Torosay Castle, and the Cthulhu Tree

Last summer I spent a week with some friends on Mull, a large and beautiful island off the west coast of Scotland. You reach it by ferry from Oban, home of one of my favourite whiskeys.

DSCN4108From Mull you can then take another, smaller ferry to fabled Iona, or an even smaller boat to the mythic Fingal’s cave, on Staffa. (Although there are plenty of pictures in this post these links take you to more.)

Mull’s main town is Tobermory, with its multi-colored buildings along the quay housing some great cafe’s, restaurants and pubs. It’s also the home of another good whisky, though this one is a little too peaty for me.

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While we were there I saw a notice in the local village newsletter for an open day of Torosay Castle gardens. Torosay Castle is more of a baronial pile than fortified castle and as it is privately owned open days are rare. We decided to go, and it was indeed a rare treat. There were damp mossy glades, quiet ponds, enormous beds of nasturtiums, statues – and of course the Cthulhu tree.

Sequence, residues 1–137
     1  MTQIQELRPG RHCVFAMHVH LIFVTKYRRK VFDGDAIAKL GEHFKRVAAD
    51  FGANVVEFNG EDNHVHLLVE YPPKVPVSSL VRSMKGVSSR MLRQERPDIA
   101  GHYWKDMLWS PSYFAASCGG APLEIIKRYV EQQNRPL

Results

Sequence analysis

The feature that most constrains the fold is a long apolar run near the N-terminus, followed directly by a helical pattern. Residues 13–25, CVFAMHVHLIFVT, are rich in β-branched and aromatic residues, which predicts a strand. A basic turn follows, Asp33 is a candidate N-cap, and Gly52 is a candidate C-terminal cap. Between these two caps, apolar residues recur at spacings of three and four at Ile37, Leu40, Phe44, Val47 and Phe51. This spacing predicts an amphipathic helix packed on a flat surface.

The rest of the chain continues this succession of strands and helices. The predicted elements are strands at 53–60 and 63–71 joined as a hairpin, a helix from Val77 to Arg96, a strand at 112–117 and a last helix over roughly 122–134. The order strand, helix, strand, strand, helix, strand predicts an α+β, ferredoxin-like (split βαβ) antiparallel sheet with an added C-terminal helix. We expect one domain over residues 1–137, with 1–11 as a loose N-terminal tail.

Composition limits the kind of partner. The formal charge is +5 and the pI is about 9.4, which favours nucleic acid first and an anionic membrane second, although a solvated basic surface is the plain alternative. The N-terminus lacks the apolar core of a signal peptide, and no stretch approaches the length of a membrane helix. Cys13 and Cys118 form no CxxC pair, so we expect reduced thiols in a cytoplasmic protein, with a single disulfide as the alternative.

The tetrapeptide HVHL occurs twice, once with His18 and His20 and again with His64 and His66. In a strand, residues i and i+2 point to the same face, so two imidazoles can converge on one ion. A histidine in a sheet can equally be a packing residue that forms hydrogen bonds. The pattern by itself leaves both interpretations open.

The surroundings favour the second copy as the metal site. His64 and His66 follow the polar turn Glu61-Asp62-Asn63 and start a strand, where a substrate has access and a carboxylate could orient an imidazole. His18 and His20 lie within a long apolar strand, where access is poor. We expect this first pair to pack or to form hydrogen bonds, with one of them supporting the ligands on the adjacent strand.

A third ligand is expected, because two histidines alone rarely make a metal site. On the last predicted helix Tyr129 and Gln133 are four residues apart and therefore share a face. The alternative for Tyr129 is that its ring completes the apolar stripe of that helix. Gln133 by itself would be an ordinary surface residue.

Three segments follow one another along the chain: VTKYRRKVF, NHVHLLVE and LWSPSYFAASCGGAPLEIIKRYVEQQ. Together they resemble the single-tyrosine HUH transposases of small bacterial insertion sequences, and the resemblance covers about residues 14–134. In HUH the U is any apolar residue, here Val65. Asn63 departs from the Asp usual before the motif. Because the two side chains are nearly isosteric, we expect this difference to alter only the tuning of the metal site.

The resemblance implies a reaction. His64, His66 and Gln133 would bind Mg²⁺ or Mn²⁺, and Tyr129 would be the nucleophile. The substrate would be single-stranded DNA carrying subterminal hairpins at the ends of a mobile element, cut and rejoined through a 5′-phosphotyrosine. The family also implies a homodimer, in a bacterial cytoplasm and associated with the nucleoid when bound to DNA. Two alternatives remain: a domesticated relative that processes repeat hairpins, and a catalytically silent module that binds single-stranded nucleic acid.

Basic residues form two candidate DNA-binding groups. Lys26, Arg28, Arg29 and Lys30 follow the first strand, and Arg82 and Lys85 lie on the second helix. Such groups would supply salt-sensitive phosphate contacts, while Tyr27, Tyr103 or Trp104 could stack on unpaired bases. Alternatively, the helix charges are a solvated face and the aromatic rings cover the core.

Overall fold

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The gardens had suffered some neglect but there was plenty of work now being done. Neglect in a garden is not always a bad thing. Some plants need a few years, or decades, or even centuries to come into their own and the formal part of the garden was still very lovely.

 

 

DSCN4119A really charming surprise was the avenue of statues, including this mysterious gentleman, and a very nice gardener. There was a pregnant lady, a dodgy drunkard, and many more. Whoever made them had a nice sense of humour and great attention to detail.

 

 

 

 

 

DSCN4130There was also a pair of rather dissipated lions. I rather liked them.

 

 

 

 

 

DSCN4115And finally – the Cthulhu tree! We found this wood-tentacled monster of a conifer* deep in loneliest part of the garden. This picture gives a good sense of scale. Deep in the silence of the gardens it was a spooky, powerful entity. No doubt many unholy rites and sacrifices have been performed on the blood-drenched soil under these looming branches.

Images of the tree and the diabolic worship I am convinced it must have once inspired (nay, demanded) stayed with me over the next few nights. They inspired some darkly disturbing fever dreams – stories I am unlikely to ever write for the sake of my – and your – sanity.

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* As a one-time botanist I’m mildly ashamed to say I don’t know exactly which conifer, but the I was always more interested in ferns than firs and pines. I think it might be a Thuja.


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